Prevention and reduction of incidents require:

• increased awareness of the causes of spontaneous combustion


• increased use of risk identification management strategies
• knowledge of prevention strategies.

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Principles of spontaneous combustion and general theory

Spontaneous combustion of coal is a fire initiated by the oxidation of coal. Coal fires require
three basic elements to exist as shown in figure 1

Figure 1: Fire triangle

The process leading to spontaneous combustion can be summarised as follows:

• Oxidation occurs when oxygen reacts with the fuel, i.e. coal
• The oxidation process produces heat
• If the heat is dissipated, the temperature of the coal will not increase
• If the heat is not dissipated then the temperature of the coal will increase
• At higher temperatures the oxidation reaction proceeds at a higher rate
• Eventually a temperature is reached at which ignition of the material occurs.

Heat dissipation depends on the thermal conductivity of coal and the surrounding rock, on
convection processes caused by wind and barometric changes in the atmosphere and on the
minor and major fracture density in the rock mass.

The tendency of coal to self-heat is a function of both intrinsic factors (coal type, geological
setting and environmental conditions) and extrinsic factors (mining related).

Combustible matter can interact with the oxygen in the air at ambient temperature releasing
heat. Favourable conditions for spontaneous heating would be the accumulation of heat caused
by a rise in temperature and hence an increase in the reaction rate. Although, at ambient
temperature, the reaction can be so slow that it is unnoticed, when heat accumulates the

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temperature is raised and, according to the Arrhenius law, the reaction rate increases
exponentially:
Ea
v = c r ⋅ c0 A ⋅ e RT
.........................................
Equation 11

Where:

v = reaction (mol g−1 s−1)

cr= combustible concentration (kg/m3)

co= Oxygen concentration

A= Arrhenius Frequency Factor (s-1or s-1C1-n)

Ea= Activation Energy (kJ/mole)

R= Universal gas constant = 8.314 J moleK-1

T= Temperature (K)

An assessment of the self-ignition hazard must be undertaken for each mine site and
circumstance. The most important parameters involved in the heat balance, and therefore in
self-heating are:

• Size of the coal particles


• Quantity
• Calorific value
• Heat conductivity
• Geometry and dimensions of the mining operation or coal storage facility
• Heat transfer coefficient on the outside surface of the bulk
• Ventilation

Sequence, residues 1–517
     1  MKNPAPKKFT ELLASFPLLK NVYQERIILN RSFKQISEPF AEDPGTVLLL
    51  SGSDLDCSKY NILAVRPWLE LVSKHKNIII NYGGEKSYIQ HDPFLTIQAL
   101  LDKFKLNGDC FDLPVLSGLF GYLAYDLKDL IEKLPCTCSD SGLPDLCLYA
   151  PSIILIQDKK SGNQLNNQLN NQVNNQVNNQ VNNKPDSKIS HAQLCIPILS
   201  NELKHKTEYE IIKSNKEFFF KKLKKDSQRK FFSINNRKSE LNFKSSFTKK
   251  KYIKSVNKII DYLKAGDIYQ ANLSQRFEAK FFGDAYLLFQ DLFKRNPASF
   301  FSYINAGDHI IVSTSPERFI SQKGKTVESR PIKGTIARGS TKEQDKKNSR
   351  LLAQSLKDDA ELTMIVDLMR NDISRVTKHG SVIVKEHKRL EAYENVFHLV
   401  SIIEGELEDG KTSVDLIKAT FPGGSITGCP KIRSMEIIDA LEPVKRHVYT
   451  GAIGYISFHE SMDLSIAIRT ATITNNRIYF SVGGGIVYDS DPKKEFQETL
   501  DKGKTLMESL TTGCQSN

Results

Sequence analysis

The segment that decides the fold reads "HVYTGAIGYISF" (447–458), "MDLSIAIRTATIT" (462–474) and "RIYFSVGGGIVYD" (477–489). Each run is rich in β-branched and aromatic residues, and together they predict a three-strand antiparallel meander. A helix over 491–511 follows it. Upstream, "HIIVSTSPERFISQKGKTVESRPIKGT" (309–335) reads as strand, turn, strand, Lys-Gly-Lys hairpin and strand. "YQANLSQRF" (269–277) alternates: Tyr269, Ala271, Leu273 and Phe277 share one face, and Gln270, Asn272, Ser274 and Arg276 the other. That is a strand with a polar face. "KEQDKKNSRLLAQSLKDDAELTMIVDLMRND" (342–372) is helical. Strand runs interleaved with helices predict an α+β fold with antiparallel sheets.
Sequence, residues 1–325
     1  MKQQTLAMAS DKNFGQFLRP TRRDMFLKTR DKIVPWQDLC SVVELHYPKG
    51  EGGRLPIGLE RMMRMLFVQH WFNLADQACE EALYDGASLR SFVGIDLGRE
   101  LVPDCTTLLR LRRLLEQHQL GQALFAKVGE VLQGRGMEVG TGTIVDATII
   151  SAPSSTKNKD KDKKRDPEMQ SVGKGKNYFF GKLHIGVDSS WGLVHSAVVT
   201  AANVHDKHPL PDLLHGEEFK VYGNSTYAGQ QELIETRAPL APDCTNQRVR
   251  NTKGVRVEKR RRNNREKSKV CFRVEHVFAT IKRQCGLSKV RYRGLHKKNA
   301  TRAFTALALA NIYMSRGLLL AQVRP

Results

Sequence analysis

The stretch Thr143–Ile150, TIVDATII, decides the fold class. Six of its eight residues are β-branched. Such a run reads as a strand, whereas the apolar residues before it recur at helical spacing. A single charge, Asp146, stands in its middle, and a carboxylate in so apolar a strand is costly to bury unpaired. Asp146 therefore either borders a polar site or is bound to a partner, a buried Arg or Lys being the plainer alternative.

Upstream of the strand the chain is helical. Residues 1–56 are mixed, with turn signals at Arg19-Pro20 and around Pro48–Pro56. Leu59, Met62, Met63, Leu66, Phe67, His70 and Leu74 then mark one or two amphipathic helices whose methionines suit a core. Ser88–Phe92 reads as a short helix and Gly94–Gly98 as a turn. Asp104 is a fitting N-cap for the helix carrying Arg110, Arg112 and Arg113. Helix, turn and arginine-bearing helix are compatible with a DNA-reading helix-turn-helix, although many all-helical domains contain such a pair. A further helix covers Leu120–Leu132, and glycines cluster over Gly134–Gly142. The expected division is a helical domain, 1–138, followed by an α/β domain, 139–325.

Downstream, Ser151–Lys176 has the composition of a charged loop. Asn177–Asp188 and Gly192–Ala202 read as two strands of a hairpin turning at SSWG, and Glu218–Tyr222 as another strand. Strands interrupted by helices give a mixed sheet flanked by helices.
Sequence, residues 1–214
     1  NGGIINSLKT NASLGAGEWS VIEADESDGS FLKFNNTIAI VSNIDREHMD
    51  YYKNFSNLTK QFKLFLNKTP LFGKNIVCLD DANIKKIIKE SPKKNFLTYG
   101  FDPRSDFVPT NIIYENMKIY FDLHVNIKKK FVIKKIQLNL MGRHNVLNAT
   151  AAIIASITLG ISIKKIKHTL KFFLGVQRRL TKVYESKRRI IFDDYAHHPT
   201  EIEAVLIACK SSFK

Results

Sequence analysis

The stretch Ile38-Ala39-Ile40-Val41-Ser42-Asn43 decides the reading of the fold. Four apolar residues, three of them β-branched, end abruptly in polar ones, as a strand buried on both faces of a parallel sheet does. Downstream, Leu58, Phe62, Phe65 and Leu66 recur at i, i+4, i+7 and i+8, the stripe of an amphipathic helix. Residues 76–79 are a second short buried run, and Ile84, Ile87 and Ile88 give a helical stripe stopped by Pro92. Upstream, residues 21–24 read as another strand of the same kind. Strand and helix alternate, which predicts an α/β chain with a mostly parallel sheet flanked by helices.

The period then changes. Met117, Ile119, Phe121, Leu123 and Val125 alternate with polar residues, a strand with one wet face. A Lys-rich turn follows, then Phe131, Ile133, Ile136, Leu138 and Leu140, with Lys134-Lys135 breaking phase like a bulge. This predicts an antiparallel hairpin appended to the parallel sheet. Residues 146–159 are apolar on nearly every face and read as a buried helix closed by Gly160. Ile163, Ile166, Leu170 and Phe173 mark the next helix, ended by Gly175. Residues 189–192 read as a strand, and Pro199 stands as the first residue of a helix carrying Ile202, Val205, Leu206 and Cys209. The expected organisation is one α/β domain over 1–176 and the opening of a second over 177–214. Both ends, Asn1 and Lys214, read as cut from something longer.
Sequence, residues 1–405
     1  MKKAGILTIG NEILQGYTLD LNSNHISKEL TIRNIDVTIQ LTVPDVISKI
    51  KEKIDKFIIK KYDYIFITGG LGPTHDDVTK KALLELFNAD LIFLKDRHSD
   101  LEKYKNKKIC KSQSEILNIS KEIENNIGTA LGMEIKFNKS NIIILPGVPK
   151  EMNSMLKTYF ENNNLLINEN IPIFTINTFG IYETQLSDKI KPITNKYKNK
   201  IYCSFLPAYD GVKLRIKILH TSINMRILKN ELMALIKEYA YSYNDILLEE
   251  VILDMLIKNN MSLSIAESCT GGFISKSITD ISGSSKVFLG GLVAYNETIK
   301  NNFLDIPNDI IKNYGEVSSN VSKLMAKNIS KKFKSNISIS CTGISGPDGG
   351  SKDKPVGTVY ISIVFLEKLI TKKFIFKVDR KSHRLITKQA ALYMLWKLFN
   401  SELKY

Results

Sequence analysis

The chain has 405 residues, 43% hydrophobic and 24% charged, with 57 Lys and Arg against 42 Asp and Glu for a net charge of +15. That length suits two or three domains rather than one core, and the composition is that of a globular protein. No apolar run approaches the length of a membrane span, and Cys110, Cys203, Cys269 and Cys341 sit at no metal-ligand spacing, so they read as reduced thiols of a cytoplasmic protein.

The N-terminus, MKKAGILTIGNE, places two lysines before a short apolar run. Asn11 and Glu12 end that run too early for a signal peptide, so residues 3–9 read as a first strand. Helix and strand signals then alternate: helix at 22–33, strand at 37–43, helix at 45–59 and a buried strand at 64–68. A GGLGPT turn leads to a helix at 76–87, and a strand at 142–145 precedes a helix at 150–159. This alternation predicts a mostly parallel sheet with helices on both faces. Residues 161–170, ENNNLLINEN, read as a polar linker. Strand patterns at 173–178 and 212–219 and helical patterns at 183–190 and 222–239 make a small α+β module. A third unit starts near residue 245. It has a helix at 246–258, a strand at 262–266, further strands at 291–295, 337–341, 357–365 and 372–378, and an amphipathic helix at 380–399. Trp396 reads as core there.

• Degree of compaction.

Primary causes of spontaneous combustion

In underground mines, the primary cause of spontaneous combustion is crushed coal (either left
in goaf areas or in highly stressed pillars) that is in contact with a sluggish airflow. Good

1 Spontaneous Combustion Testing, Querol Aragón, E.; García Torrent, J.; Cámara Rascón, A. Dep. Ing. Química y
Combustibles. Universidad Politécnica de Madrid Laboratorio Oficial J.M. Madariaga

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ventilation will remove heat, preventing a rise in temperature, while extremely poor ventilation
will not supply sufficient oxygen to support the process. On surface the major problems are
usually associated with the stockpiling of coal, or waste dumps containing rejected coal material,
in unconsolidated heaps where oxygen can come into contact with the coal and heat cannot
dissipate. The problem is compounded when rainfall causes erosion, thereby progressively
exposing more coal to the oxygen in the atmosphere. Very high ash carbonaceous shales will
also spontaneously combust under the right conditions, particularly if they contain high levels of
kerogen (a mixture of organic chemical compounds that make up a portion of the organic matter
in sedimentary rocks.) These shales provide a major source of additional fuel for coal induced
fires. Many strip mines have severe spontaneous combustion in the spoil heaps.

In addition to the known problems in stockpiles, waste dumps and spoil heaps, spontaneous
combustion may occur in the following situations:

• Coal outcrops
• Shallow workings exposed by subsidence, either directly or through fissures
• Tailings dams.

To sustain combustion, oxygen, fuel and heat must all be present. The absence of any one of
these elements will result in at least the temporary cessation of burning. Spontaneous
combustion in stockpiles and dumps can usually best be controlled by handling high risk
material in a way that limits its contact with oxygen, e.g. by compaction to minimise airflow, by
cladding with inert material to prevent the ingress of air, by limiting the height of the dump and
by orientation of the stockpile or dump with respect to the prevailing wind.

Fires in coal outcrops and in shallow underground workings present a special problem, both of
detection and control, because of access difficulties. Such fires tend to have the general
characteristics:

• Fires propagate in accordance with the topography and orientation of the mining activity,
exposed seam or stockpile, and the direction of prevailing winds, owing to “funnelling” of
air currents
• Venting fissures are present and extend to the surface, forming parallel to the ground
contours and developing in response to stress release along existing fracture systems.